Furthermore, beyond models, in order for an archaeologist to assess the meaning of the archaeological record accurately, they have instilled various bodies of theory which work to guide their research; the first of which is “general theory”. General theory refers to the broader meaning of interpretation of physical remains. Its main purpose is to use those interpretations in order to offer explanations for cultural change and evolution suggested within the archaeological record (Ashmore 26). Secondly comes the middle-range theory, whose purpose is to make connections between ancient cultures and their material remains. In doing so, the middle-range theory is used to observe how the record was formed as the result of human behavior and other influences and connect those artifacts suck as potsherd and bone fragments to explain ancient behavior. Then there is constructs, which is more simply the observation of events within the archaeological record (Ashmore 25).
It is within these three abstract theories of archaeology that all methods are contained. It is the goal of the archaeologist to discover, recover, preserve, describe, and analyze the archaeological record, and this is done so through very specific methods of research, the most common of which is the scientific method. By the twentieth century however, archaeology had developed a series of complex and unique approaches (Ashmore 35).
The earliest of these methods in referred to as the Cultural History Approach. The emphasis of this approach is to define both the spatial and sequential distribution of events by studying the patterns of human remains. Then there is the Cultural Process Approach. Through using the cultural process approach archaeologists study how the component parts of a culture function as a system (Ashmore 41). More specifically, it addresses how that cultural system functioned at a specific point within the archaeological record compared to how it changed over time. What is does, is seek to discover the process of culture by observing the change at both of these points (Ashmore 33). The Postprocessual approach on the other hand emerged from the shortcomings of processual anthropology. Here its goals are to observe the change in behavior in the context of each culture’s distinct set of values, beliefs and other practices that would give the world meaning to them (Ashmore 47).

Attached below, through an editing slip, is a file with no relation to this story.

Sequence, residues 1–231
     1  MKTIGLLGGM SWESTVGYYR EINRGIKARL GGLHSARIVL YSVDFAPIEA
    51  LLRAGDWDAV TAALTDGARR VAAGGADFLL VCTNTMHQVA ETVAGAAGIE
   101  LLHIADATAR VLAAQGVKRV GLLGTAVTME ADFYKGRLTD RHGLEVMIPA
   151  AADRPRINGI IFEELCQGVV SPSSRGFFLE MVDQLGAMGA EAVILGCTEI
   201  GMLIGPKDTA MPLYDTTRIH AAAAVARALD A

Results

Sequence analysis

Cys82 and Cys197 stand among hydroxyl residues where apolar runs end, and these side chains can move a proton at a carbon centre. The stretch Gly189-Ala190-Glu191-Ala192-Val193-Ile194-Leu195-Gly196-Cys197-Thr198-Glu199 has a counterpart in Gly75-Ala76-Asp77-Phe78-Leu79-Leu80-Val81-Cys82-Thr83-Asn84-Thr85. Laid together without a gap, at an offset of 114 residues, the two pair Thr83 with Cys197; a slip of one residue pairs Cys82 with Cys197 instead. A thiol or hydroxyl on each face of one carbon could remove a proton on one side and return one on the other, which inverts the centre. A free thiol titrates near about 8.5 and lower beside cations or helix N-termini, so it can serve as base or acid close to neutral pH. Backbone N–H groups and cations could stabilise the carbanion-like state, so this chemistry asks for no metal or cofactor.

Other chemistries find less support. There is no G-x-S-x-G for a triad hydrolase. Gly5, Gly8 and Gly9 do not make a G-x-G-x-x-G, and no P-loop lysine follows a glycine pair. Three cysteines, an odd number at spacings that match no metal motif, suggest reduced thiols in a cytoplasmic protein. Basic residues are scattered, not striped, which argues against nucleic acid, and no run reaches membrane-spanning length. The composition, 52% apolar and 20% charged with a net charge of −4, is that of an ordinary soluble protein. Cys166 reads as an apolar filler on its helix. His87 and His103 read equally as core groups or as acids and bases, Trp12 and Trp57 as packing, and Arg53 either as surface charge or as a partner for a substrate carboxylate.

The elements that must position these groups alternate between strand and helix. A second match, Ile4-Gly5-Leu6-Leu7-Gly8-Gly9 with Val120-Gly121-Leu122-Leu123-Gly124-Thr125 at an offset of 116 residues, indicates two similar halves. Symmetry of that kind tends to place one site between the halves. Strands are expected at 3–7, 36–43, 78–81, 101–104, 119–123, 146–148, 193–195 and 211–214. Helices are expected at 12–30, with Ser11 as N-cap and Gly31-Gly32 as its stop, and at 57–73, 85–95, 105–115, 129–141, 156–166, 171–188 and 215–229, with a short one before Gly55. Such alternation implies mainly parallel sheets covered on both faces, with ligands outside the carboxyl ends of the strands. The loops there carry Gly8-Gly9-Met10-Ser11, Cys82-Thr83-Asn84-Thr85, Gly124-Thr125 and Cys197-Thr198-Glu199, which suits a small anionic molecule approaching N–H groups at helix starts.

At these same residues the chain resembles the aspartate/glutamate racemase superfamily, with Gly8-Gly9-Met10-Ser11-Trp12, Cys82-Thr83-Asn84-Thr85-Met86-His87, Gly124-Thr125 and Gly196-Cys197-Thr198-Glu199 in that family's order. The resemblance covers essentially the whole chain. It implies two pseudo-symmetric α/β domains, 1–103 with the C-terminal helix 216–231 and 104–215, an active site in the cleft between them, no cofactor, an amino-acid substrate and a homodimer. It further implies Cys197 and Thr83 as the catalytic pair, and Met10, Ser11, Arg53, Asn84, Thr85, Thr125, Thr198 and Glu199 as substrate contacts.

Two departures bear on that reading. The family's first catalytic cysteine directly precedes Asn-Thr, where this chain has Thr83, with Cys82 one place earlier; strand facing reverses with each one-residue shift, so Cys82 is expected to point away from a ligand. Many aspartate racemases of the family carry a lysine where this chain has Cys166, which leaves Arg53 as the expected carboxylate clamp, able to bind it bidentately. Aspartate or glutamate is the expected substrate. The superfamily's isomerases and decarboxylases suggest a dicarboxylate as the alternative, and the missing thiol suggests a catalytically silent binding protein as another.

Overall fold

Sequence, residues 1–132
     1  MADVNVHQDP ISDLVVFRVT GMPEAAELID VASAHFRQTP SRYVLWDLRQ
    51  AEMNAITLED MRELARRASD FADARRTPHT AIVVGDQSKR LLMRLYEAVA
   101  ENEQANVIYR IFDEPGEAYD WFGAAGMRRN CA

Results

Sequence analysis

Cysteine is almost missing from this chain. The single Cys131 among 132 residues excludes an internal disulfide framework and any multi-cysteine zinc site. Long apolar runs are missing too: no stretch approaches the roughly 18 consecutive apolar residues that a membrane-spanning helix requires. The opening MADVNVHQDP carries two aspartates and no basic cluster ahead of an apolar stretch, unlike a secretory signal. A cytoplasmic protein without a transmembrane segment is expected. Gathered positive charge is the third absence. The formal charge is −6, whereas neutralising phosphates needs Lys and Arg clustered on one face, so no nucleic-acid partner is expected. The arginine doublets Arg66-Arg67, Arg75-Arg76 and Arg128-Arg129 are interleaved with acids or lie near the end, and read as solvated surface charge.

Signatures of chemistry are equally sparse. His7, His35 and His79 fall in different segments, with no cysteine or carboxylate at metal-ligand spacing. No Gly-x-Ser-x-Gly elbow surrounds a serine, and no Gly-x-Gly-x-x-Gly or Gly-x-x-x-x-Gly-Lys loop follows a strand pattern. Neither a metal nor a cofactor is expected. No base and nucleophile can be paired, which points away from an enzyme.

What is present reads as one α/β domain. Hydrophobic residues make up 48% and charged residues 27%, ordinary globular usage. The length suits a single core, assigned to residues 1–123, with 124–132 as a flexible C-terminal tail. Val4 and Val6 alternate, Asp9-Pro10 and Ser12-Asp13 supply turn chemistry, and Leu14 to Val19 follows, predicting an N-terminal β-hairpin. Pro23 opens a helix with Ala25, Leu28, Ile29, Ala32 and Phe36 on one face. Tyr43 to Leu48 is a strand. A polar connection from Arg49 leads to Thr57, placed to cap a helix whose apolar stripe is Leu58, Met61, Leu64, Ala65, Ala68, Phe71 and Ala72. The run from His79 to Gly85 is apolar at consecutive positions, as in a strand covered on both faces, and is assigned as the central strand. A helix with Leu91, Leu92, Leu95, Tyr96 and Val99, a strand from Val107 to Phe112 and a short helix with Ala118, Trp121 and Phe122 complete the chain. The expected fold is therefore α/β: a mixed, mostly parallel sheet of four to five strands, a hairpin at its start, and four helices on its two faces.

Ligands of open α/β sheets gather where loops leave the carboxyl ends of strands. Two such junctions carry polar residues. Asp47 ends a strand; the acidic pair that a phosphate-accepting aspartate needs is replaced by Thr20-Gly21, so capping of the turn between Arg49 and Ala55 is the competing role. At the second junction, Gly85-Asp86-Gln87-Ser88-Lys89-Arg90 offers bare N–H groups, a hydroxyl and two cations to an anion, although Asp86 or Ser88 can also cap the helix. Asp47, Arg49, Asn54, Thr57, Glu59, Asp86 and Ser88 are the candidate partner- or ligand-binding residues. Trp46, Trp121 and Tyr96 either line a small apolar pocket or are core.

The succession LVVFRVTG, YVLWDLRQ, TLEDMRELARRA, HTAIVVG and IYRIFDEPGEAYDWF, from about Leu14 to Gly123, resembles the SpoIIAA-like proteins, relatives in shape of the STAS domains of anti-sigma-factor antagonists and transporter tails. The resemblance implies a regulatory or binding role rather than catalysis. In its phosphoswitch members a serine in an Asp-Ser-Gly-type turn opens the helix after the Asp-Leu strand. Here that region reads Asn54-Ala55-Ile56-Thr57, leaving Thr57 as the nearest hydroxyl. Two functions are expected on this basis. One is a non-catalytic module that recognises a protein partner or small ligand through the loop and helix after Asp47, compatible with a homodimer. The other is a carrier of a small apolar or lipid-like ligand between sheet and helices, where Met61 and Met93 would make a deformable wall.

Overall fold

None of this however would be possible without the direct methods in which these valuable pieces of data are recovered and processed. Most of archaeology takes place in the form of field work which can be broken down into three different processes (Ashmore 79). Surface survey allows archaeologists to acquire data from site by observing features located above the surface; from there excavation can be done to retrieve data located beneath the surface of these sites.